Some techs refuse to work on printed-circuit Fenders. It’s too time-consuming and frustrating. The newer amps were definitely not designed with serviceability in mind. I hope this guide will help you.
The first thing you have to do before you can do any mods to your Blues Junior is get to the back of the circuit board. You don’t have to remove it completely from the amp; it’s more convenient, in fact, if you don’t. Here’s what I do to open up a Blues Junior.
Remember that tube amps run at temperatures that can burn you and voltages that can kill you. Work safely, and always think before you reach into an amp for any reason.
It’s a shame to have to include this, but some people just like to make their problems somebody else’s problem. Although all of these mods have worked well for me, you perform them entirely at your own risk. I do not warrant or guarantee that they will perform the same way for you or that you won’t damage your amplifier, burn yourself, electrocute yourself, or stick an X-Acto knife through your palm. Tube amplifiers have components operating at high temperatures and lethal voltages. If you don’t feel comfortable doing these mods, take the amp to someone who does.
These modifications will void your warranty. Peace and music, not lawsuits.
Here’s a video that demonstrates how to remove the circuit board:
And here are the older, written instructions.
1. Unplug the amp.
Pardon me for stating the obvious. Then remove the back. If the back panel binds on the sides of the case, you may need to loosen the two screws on the sides of the case that hold the chassis. Don’t remove them; just back them out a few turns to relax the tension on the case. Here’s what you see when you open the back:
2. Discharge the power supply capacitors.
They’re the four large gray and black tubular objects. Actually, if you turn the amp off while the tubes are warm, it will self-discharge in 20 seconds or so. Once you’ve turned it off, don’t turn it back on. Ensure that all the stored charge is gone from the caps by touching the positive terminal of the big one to ground with an insulated jumper. The other caps are all connected together through resistors and will discharge any remaining charge at the same time.
3. Clip the wire ties.
You need some maneuvering room, and you’ll also want to retwist some of the wires later for hum control. Be very careful not to cut or nick any of the wires.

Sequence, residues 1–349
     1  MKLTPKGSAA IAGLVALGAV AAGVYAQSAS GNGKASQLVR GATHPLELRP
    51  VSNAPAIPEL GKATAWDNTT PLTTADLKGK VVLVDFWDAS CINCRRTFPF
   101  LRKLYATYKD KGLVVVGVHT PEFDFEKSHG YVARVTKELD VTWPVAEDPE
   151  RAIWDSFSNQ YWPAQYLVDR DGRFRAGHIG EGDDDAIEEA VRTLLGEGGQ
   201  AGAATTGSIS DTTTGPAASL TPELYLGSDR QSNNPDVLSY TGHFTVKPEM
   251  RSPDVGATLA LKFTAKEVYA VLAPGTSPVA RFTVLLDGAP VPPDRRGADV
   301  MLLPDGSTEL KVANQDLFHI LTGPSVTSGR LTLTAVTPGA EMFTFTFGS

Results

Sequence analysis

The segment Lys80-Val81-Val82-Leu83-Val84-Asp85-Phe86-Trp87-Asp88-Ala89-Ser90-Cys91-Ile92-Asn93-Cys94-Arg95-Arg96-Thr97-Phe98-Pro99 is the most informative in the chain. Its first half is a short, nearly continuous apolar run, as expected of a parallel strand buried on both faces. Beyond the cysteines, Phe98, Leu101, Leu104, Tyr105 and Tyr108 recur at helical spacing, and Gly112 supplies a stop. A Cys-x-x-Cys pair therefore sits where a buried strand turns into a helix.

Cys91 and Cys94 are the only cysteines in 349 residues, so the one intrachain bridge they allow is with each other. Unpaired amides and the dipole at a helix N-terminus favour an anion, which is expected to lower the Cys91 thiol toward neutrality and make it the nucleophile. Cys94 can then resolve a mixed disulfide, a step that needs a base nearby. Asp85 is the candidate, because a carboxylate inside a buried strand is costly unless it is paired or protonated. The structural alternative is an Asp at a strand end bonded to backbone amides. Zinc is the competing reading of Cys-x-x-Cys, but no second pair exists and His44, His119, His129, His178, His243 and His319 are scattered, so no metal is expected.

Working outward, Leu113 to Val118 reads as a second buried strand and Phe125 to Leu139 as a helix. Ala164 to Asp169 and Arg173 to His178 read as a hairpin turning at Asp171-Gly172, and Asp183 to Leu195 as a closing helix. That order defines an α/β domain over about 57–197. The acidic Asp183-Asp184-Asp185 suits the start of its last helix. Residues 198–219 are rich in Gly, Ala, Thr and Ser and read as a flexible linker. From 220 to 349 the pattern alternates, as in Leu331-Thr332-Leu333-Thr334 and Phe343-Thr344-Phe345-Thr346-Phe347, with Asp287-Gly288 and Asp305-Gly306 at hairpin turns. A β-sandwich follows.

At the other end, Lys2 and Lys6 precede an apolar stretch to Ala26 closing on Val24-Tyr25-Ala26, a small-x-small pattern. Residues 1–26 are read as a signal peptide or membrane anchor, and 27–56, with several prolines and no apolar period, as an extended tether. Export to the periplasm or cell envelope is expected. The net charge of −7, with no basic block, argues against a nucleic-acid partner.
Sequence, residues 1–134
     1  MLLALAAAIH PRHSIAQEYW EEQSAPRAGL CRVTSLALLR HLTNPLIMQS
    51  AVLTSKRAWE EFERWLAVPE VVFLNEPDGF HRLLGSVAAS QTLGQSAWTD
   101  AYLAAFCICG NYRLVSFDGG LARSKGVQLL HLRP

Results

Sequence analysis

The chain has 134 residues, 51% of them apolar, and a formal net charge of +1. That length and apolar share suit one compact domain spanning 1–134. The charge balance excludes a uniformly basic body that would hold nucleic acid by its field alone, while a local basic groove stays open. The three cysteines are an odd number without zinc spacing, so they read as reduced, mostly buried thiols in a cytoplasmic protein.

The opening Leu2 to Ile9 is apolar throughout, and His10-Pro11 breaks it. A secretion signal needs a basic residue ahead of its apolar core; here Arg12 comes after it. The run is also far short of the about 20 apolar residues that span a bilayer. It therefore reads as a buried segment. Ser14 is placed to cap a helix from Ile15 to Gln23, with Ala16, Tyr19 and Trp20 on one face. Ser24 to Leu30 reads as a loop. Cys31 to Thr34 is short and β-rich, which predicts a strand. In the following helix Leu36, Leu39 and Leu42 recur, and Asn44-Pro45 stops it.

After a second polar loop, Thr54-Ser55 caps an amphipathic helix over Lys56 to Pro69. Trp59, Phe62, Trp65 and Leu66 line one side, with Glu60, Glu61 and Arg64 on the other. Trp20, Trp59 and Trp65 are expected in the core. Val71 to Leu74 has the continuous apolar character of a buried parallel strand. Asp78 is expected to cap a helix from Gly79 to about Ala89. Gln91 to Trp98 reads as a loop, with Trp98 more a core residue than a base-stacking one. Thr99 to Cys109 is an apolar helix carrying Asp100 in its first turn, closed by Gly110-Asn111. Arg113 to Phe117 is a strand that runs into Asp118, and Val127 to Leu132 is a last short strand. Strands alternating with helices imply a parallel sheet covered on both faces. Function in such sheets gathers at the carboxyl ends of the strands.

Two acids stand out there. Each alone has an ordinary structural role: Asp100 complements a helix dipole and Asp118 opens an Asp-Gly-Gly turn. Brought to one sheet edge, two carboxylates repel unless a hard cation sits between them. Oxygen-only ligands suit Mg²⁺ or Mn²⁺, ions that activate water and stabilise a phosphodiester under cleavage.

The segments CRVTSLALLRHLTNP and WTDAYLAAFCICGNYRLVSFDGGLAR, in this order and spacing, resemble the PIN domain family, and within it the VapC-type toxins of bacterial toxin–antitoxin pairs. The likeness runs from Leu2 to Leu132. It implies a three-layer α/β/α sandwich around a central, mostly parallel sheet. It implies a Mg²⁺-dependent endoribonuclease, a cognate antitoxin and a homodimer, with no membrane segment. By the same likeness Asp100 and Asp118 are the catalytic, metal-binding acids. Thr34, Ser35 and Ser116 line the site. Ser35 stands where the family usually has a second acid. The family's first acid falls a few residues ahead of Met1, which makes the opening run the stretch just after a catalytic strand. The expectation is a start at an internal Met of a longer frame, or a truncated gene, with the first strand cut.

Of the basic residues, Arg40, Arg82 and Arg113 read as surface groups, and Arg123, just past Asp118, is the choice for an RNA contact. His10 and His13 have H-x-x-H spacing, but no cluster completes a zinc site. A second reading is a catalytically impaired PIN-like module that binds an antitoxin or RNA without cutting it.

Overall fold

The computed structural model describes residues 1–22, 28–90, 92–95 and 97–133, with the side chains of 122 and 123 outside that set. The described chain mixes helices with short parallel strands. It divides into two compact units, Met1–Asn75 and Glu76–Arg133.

4. Remove the knobs and input nut.
The knobs are pressed onto the plastic shafts of the control pots. Pull up with even, steady pressure. If knob doesn’t come off easily, hold the pot body with your other hand to reduce stress on the circuit board. If the knob really won’t come up, use a pair of spoons as levers. Pad the faceplate so you don’t damage it.
5. Remove speaker/FAT jack nuts.
Use a 1/2″ nut driver or socket wrench to remove the nuts that hold the speaker and FAT switch jacks. The lock washers are located inside the chassis, not under the nuts.
6. Unplug the power transformer and output transformer leads.
Do this before you unscrew the board. Pull up firmly and steadily on the red, brown, and blue leads while wiggling the connectors side to side. Pull the push-on end, not the wire. Note where they go. They’re marked for color on the cream board, not the green board. The green, red, and brown pairs from the power transformer are AC, there’s no polarity when you reassemble. They let go all of a sudden–make sure you’re clear of the thin wires that run from the speaker jack board. Don’t tear out any wires. If you’re working on an older (green circuit board) BJr, also remove the pilot light. Do this by pulling gently on the “petals” of the white socket assembly. I use a bent-jaw long-nose pliers for this. The red lens may pop off; be careful not to lose it. The white LED assembly will remain attached to the wires.